I was trying to think of a a good working definition for "plagiarism", and what came to mind was this: Plagiarism is the wrongful appropriation and purloining and publication of another author's language, thoughts, ideas, or expressions, and the representation of them as one's own original work. Er—actually, that's what Wikipedia says plagiarism is. There have been a number of recent high-profile instances in which someone publishes a famous book or scientific article that turns out to have surprisingly close textual similarity to a previously published (sometimes less famous) book or article. Recent (alleged) examples have included How Opal Mehta Got Kissed, Got Wild, and Got a Life [NYT] and a gun control article in Time [NYT]. There's an excellent recent essay from the plagiarizee in a case of poetry: Sandra Beasley's Nice Poem, I'll Take it in the New York Times. And issues of academic integrity on college campuses, including Carleton, are often centered on issues of plagiarism.
Here's an example, from Sandra Beasley's Nice Poem, I'll Take it in the New York Times:
August, by Sandra Beasley
[in Theories of Falling, New Issues Press, 2008]
[found online at Hayden's Ferry Review]
July, "by" Christian Ward
[submitted to the Buxton Poetry Competition, 2011]
[found in Sandra Beasley's NYT essay Nice Poem, I'll Take it]
Sooner or later, the thing you value most will beg to be burned.
Trust me, says the phoenix, I'm immortal. Watch your childhood
home—how the wires fray, how the baseboards splinter to tinder.
Your nights are split open by the steam and the writhing of hoses.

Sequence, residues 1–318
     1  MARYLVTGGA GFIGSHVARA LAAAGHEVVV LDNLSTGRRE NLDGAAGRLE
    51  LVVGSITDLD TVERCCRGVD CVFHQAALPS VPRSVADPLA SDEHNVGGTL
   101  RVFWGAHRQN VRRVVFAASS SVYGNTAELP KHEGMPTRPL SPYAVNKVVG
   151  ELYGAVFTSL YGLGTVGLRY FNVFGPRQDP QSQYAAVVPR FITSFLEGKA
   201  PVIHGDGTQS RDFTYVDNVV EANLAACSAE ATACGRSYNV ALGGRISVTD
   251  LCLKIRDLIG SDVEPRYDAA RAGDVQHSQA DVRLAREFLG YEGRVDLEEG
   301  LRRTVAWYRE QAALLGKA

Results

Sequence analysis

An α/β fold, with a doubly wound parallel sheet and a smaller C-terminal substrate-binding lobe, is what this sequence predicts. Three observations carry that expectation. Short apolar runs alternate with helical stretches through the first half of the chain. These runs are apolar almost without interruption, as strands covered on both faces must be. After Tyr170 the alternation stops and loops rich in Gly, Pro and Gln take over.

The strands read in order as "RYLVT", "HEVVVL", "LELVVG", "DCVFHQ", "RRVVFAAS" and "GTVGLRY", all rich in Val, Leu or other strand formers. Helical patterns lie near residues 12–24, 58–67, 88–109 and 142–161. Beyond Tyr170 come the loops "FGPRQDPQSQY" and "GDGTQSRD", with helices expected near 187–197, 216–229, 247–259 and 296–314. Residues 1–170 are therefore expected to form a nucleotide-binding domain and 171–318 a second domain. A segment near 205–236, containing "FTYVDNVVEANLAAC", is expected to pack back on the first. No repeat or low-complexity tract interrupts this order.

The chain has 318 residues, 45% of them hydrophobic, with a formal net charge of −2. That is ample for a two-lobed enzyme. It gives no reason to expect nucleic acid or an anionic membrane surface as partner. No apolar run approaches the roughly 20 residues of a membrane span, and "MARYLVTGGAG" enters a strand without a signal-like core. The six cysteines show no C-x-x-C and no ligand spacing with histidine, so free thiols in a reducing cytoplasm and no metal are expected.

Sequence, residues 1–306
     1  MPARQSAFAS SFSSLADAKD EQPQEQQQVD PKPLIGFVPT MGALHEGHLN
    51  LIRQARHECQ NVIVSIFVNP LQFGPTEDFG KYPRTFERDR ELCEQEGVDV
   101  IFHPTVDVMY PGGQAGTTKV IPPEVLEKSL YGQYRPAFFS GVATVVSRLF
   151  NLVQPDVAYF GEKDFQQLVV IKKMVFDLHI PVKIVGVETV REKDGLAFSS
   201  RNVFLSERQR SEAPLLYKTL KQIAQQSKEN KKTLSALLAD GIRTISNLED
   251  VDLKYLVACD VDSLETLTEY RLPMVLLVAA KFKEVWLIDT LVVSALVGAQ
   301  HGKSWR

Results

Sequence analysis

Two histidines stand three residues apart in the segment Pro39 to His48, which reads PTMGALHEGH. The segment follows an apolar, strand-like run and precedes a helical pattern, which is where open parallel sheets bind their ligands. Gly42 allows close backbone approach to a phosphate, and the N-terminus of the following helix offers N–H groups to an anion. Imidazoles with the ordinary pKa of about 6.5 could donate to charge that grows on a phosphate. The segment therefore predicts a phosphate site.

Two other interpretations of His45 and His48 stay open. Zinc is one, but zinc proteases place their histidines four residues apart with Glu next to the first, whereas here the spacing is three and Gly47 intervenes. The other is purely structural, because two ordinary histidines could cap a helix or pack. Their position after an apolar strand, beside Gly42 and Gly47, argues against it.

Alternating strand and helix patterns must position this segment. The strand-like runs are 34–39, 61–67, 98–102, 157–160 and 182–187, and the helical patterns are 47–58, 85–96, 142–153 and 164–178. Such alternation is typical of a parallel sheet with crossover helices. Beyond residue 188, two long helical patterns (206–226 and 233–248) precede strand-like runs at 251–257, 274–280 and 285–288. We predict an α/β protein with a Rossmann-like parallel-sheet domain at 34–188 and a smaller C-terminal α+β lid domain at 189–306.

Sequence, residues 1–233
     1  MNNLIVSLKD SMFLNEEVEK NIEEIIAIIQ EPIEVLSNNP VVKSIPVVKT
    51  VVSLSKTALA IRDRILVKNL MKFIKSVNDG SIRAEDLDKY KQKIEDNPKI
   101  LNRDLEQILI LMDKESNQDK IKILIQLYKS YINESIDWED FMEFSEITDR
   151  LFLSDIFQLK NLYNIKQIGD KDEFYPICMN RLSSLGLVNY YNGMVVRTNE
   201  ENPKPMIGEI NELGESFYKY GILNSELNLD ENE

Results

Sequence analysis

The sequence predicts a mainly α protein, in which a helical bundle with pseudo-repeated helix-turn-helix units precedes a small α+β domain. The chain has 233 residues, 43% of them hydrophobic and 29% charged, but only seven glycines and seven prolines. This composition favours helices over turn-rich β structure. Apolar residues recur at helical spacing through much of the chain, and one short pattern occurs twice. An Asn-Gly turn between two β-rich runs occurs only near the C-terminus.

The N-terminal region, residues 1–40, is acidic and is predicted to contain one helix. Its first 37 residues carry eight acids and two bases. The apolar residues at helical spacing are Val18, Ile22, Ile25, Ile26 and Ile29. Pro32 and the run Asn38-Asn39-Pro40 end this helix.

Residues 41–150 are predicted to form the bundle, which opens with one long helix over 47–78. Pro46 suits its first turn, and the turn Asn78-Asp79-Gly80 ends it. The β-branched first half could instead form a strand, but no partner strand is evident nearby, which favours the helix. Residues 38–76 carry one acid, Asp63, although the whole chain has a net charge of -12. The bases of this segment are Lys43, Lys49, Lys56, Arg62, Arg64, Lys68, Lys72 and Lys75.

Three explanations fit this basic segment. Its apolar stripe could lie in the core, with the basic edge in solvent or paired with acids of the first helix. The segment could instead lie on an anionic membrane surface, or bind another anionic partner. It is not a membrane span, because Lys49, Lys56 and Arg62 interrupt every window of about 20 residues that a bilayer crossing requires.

Sooner or later, whatever you cherish most will beg to be burned.
Trust me, the phoenix says, I'm immortal. Watch your childhood
home—how the wires fray, how the floorboards splinter to tinder.
Your nights are spilt open by steam and the writhing of hoses.
In this project, you will build a system to detect use of text in a document (the "derived document") that also appears elsewhere in a corpus of documents (the "source document"). There are several types of repetition that you will explore. In increasing order of complexity, they are:
The outline of the project's task will to (1) investigate existing plagiarism-detection systems; (2) investigate the literature on textual similarity, for example "fingerprinting techniques" in detecting duplicate web pages; (3) investigate algorithms for semantic similarity; (4) implement/adapt/extend these algorithms to the present case. Another form of plagiarism, outside the corpus, comes from the web. A nice extension of this project might be to find "the most unexpected (short) phrases" in a document that might be candidates for a query to an API for a web search engine.
You can expect to begin the project by identifying existing algorithmic techniques for detection of duplicated text from the literature. We will spend a significant portion of fall term with you identifying appropriate papers, reading some of them in sufficient detail to be able to explain them, and then reporting the techniques to the team. We will then begin to transition to implementing/extending these algorithms.